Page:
A session on Funding New Alliances combined the expertise of Denise Meredyth from the ARC, Steven Schwartz from CHASS and Gerard Vaughan, Australian Institute of Art History, University of Melbourne. Denise talked about changes at the ARC that make funding requests more Hums friendly, including extending the kinds of organizations that aren’t asked to make a cash contribution and changing the fractional requirements for Chief Investigators on Discovery Projects. Steven Schwartz discussed the opportunities provided by crowdfunding for Humanities projects. Gerard Vaughan talked about Philanthropic organisations and making approaches to endowed organizations and individuals.

A session on Partnerships saw Robin Hirst from Museums Victoria, Peter Rose from the Australian Book Review and Louise Box from Partnerships 21 discuss ways that universities can work with organisations in new and creative ways. Hirst discussed the role of collecting organisations in partnering with universities on Linkage Projects and what criteria they use to determine their involvement. Peter Rose talked about the role of the Review in developing scholarly research for public readerships. Louise Box discussed the role for an organisation like Humanities 21 in brokering collaborations between humanities researchers and the business sector.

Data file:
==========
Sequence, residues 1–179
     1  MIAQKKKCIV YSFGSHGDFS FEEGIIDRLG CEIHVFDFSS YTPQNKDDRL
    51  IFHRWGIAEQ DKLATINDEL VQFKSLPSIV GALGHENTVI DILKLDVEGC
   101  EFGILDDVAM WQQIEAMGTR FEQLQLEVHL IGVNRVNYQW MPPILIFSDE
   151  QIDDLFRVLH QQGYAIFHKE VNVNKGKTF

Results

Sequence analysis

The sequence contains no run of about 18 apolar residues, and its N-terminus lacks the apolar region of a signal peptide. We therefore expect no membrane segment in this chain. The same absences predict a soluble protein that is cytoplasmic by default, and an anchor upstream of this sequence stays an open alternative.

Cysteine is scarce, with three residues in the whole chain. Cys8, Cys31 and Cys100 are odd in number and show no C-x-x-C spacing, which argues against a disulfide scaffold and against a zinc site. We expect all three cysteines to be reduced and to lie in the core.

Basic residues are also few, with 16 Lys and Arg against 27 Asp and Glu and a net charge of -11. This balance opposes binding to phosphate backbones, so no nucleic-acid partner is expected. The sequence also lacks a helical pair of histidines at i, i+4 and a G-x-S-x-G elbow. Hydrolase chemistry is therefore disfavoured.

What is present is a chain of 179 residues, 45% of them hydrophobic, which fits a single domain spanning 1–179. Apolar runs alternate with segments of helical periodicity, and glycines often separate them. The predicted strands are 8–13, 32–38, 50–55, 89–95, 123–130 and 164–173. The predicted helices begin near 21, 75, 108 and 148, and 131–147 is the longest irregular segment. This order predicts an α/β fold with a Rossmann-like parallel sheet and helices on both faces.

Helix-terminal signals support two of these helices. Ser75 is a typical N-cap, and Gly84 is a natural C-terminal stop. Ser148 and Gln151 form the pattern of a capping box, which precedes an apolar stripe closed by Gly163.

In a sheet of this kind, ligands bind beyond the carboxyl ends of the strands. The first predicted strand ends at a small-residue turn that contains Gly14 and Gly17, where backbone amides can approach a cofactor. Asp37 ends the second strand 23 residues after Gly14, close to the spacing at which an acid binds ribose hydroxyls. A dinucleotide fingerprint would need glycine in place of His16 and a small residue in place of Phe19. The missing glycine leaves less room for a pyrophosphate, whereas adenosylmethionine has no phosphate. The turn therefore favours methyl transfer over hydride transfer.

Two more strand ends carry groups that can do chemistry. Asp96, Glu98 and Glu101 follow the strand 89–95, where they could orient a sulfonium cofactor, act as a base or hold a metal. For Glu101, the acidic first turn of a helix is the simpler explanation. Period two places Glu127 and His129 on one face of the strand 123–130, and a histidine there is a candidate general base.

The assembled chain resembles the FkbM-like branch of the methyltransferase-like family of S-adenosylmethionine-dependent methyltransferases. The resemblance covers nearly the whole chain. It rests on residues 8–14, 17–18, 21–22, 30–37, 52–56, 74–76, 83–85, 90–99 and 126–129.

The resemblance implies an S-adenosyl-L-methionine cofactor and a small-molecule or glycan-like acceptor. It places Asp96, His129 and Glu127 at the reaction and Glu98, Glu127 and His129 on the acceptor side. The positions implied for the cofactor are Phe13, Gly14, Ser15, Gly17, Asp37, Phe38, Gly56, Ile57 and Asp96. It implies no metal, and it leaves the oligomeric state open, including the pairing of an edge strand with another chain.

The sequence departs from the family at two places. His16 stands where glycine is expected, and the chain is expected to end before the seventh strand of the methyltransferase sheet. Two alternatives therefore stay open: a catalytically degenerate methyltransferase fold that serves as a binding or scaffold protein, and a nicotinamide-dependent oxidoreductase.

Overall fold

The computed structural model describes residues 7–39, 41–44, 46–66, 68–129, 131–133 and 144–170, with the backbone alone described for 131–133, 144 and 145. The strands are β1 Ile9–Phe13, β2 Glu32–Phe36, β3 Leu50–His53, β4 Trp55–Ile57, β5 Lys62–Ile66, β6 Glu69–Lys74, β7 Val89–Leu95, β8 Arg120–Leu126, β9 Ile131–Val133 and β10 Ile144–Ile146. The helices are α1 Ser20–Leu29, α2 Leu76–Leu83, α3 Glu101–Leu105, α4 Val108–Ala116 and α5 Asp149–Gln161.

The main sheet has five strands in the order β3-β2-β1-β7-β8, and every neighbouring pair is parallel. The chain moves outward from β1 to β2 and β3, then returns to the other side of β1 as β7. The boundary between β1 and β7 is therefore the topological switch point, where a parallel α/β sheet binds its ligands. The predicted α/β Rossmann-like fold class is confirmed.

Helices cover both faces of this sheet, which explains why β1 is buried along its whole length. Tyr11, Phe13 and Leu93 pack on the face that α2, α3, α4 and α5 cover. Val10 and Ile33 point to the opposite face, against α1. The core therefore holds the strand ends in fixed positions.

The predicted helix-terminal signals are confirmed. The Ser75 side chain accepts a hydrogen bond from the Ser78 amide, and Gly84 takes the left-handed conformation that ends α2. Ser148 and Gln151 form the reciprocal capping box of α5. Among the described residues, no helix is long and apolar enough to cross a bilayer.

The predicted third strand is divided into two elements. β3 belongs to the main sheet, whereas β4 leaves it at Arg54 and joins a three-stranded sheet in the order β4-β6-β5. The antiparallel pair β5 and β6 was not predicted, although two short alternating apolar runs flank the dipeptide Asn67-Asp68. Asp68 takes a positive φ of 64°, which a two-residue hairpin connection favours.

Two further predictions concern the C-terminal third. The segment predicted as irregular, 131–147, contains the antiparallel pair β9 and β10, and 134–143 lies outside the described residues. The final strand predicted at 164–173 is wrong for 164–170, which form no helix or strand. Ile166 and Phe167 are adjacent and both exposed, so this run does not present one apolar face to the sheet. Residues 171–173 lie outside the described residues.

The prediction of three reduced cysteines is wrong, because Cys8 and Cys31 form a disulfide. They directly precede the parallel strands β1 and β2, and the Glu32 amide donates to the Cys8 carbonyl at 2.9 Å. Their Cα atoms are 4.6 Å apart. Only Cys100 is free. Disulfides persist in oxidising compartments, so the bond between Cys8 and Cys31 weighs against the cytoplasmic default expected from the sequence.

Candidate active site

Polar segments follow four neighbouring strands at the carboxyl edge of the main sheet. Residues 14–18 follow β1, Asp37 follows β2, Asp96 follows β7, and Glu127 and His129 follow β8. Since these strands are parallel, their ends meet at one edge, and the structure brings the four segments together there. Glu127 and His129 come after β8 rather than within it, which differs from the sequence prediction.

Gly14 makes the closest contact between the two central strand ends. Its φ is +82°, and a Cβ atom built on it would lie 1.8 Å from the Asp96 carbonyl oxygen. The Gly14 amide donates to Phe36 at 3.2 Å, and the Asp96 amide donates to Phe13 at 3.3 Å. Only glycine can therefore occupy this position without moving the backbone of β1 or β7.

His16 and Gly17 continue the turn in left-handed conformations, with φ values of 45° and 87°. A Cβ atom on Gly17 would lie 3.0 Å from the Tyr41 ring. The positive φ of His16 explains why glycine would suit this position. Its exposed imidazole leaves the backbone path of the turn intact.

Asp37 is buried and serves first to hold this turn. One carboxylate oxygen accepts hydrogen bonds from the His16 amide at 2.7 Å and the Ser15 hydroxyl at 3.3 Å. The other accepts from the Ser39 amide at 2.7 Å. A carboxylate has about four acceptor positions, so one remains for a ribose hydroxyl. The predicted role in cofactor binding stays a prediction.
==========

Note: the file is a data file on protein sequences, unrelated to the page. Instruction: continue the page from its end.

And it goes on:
OLYMPUS DIGITAL CAMERA

The ACHRC’s AGM saw new members added to the Advisory Committee and the decision to take up the offer from Associate Professor Kerry Taylor to host the 2015 event in New Zealand.

Director, Robert Phiddian

Permalink

off

New Collection Space

Main Reading Room State Library of NSW

The State Library of New South Wales has opened a new AMAZE gallery to show case curious objects in the library’s collection, particularly from the Dixson collection which contains items such as the only extant Ned Kelly Wanted poster and James Cook’s charts of New Zealand.

To support engagement with the collection, the library has developed a smartphone app that can be used downloaded onto visitors’ own devices or used on one of the library’s devices.

See the library’s exhibition space website for more information or listen to Dr Alex Byrne, director of the library, on Radio National’s PM program via the podcast on the RN website.